Violation of graves, tombstones or associated buildings is considered a serious offence, because cemeteries are extremely respected places. If there’s a chapel and/or a crematorium at the cemetery there may be a memorial garden or wall of remembrance decorated with plaques containing the names of those who chose to be cremated.
In many cultures cemeteries are places of superstition, and over the ages they’ve been the venue for many stories and legends. Most burial ceremonies are conducted during the day; it’s at night time when the cemetery becomes the ideal setting for a horror story. Black magic ceremonies usually take place at night, which is the time preferred by grave robbers. Another example of sinister activities is attributed to Haiti’s Voudun religion, where a zombie is created after the selected victim is fed a drug made from the poisonous puffer fish. The dosage given slows the heart so that the victim appears dead. After his burial in a coffin in a shallow grave the newly created zombie is dug up and forced into some form of service as payback for some crime he may have committed or a promise he failed to keep.
One of the earliest known surgical procedures known to man is the art of embalming, the preservation of the human body. This is different from taxidermy, which recreates an animal’s body using its skin. Historically there were some practical reasons for this practice – the Inca’s of Peru had a climate that made embalming a necessity. During the Crusades the soldiers’ bodies would be preserved to ensure they could be buried closer to home, and this practice has been used in different wars since that time. The Egyptians, probably the most renowned embalmers, mummified a body to empower the soul after death, believing the soul would return to the preserved corpse. Embalming is also used for presentation, to make the body suitable for display at a funeral. It should be noted that embalming does not stop decay – it simply delays the process. A few interesting cases:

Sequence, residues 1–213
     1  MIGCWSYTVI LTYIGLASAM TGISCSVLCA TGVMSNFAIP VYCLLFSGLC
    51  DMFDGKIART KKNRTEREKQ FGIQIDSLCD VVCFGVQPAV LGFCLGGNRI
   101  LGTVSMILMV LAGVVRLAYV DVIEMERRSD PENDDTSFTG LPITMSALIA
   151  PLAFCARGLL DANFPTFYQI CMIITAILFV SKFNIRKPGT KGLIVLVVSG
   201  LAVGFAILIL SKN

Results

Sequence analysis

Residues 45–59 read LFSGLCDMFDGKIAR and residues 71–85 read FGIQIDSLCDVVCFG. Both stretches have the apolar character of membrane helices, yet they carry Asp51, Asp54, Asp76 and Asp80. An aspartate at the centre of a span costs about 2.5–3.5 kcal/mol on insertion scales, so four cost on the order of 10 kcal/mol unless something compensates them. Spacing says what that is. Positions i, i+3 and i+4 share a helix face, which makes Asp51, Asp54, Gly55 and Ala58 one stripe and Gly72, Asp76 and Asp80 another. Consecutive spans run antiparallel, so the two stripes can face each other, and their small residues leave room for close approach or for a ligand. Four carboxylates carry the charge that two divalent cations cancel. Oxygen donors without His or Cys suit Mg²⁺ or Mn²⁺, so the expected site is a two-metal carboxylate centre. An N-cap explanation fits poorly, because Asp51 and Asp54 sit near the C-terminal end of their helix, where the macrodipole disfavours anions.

When Eva Peron died her husband had her embalmed, and 16 years after her death Eva’s body was found to be in perfect condition. This led to some Argentineans to call for her canonisation.
Abraham Lincoln’s body was exhumed 100 years after his death, and displayed no signs of decomposition, apart from his skin, which had been oxidised by chemicals and turned black.
Pope Pius XII’s embalmer managed to botch the embalming process, and speed up the rate of decomposition. The odour was so bad the guards were changed every 15 minutes to prevent them from passing out. The embalmer had taken photographs of the Pope as he died, but no tabloid would touch them. This happened in 1958, and he’d become pope in 1939. His attitude towards the atrocities of the Second World War, especially the Holocaust, made him a controversial figure.
Conversely Pope John XXIII, who died in 1963, is on public display at the basilica of Saint Peter. His body is in an extremely well preserved state, thanks to the embalming process applied.
Human rights activist Medgar Evers was so well embalmed an autopsy performed 30 years after his death revealed enough evidence to secure a conviction of his murderer.
Mummies have featured prominently in horror films, with special attention paid to the rather disturbing techniques used for mummification. Sometime a person is mummified alive as a punishment for angering the king or committing some crime or sin.
** Image ID #1176347 Unavailable **